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Unhealthy diets linked to more than 400,000 cardiovascular deaths

March 09, 2017

PORTLAND, Oregon, March 9, 2017 -- Eating a diet lacking in healthy foods and/or high in unhealthy foods was linked to more than 400,000 deaths from heart and blood vessel diseases in 2015, according to an analysis presented at the American Heart Association's Epidemiology and Prevention / Lifestyle and Cardiometabolic Health 2017 Scientific Sessions.

Eating more heart healthy foods, and less foods with high amounts of salt and trans fats, could save tens of thousands of lives in the United States each year, researchers said.

"Low intake of healthy foods such as nuts, vegetables, whole grains and fruits combined with higher intake of unhealthy dietary components, such as salt and trans-fat, is a major contributor to deaths from cardiovascular disease in the UnitedStates," said Ashkan Afshin, M.D., M.P.H., M.Sc., Sc.D., lead study author and acting assistant professor of global health at the University of Washington's Institute for Health Metrics and Evaluation in Seattle. The institute is home of the Global Burden of Diseases, Injuries, and Risk Factors Study , which conducted the new analysis. "Our results show that nearly half of cardiovascular disease deaths in the United States can be prevented by improving diet."

The new analysis was designed to pinpoint how diet impacts heart and blood vessel disease; it relied on 1990-2012 data from the National Health and Nutrition Examination Survey, food availability data from the Food and Agriculture Organization of the United Nations as well as other sources.

Looking at U.S. cardiovascular deaths in 2015, researchers found less-than-ideal dietary choices - both a lack of healthier foods and an excess of less healthy foods - played a role in the deaths of an estimated 222,100 men and 193,400 women. Researchers also evaluated the degree to which leading dietary risk factors were linked to cardiovascular disease deaths:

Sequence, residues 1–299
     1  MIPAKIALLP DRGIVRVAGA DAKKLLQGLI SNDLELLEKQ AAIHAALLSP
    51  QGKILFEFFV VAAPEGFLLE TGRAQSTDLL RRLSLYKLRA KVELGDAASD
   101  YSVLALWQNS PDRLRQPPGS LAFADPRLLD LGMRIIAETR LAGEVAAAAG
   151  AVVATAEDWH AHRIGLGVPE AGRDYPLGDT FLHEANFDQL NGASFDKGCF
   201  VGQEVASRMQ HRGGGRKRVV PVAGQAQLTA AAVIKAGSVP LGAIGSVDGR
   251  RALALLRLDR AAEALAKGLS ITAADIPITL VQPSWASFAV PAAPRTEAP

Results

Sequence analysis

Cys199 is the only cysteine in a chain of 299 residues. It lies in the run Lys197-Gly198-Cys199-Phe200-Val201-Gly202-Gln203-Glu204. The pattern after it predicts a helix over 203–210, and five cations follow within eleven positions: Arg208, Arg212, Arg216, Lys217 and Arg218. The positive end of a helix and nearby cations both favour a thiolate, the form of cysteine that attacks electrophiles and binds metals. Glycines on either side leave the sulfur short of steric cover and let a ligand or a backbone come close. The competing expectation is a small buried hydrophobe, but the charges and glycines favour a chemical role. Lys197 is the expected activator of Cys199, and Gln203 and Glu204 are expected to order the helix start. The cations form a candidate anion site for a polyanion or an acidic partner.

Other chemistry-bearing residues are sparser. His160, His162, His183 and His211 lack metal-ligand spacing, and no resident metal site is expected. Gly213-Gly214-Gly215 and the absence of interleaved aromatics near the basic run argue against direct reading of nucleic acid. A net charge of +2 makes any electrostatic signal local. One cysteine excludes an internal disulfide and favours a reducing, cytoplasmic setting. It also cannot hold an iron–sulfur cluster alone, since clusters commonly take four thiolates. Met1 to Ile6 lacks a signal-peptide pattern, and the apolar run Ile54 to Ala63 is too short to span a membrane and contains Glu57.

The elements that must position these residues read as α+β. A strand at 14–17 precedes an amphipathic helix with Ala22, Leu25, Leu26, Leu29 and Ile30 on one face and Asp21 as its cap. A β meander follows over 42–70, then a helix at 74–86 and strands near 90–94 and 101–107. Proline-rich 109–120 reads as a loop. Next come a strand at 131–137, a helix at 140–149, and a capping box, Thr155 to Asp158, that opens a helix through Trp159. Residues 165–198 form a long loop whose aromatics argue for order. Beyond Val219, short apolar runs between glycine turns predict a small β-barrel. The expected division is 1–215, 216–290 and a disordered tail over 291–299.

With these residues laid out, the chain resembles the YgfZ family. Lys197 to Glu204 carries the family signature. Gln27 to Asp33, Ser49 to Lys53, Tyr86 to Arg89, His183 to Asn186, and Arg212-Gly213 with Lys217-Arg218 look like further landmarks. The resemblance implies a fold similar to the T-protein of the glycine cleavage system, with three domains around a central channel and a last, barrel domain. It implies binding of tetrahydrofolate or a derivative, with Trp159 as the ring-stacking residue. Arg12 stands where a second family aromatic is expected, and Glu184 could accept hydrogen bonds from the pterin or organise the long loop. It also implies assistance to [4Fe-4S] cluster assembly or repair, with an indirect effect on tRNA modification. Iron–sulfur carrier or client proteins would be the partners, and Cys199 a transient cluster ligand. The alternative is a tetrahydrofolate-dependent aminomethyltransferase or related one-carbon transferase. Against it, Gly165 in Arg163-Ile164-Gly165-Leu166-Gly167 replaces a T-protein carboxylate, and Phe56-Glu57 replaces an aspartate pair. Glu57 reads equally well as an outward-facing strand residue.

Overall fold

• low intake of nuts and seeds (11.6 percent);

  • low intake of vegetables (11.5 percent);

  • low intake of whole grains (10.4 percent); and

  • excess salt (9 percent).

The team's systematic approach in quantifying how diet can contribute heart disease deaths, and in defining the healthiest diet to prevent it, are the research's key strengths, Afshin said.

The American Heart Association emphasizes the importance of eating a healthy dietary pattern that is rich in fruits, vegetables, nuts, beans, whole grains, low-fat dairy products, fish, poultry and limited in fatty or processed red meat. The association also suggests limiting sugary soft drinks, salt (sodium), saturated and trans fats.
-end-
Afshin's co-author is Patrick Sur, B.A., for the Global Burden of Diseases, Injuries, and Risk Factors Study 2015 Risk Collaborators. Author disclosures are on the abstract.

The Bill and Melinda Gates Foundation funded the study.

Additional Resources: Statements and conclusions of study authors that are presented at American Heart Association scientific meetings are solely those of the study authors and do not necessarily reflect association policy or position. The association makes no representation or warranty as to their accuracy or reliability. The association receives funding primarily from individuals; foundations and corporations (including pharmaceutical, device manufacturers and other companies) also make donations and fund specific association programs and events. The association has strict policies to prevent these relationships from influencing the science content. Revenues from pharmaceutical and device corporations and health insurance providers are available at http://www.heart.org/corporatefunding.

American Heart Association

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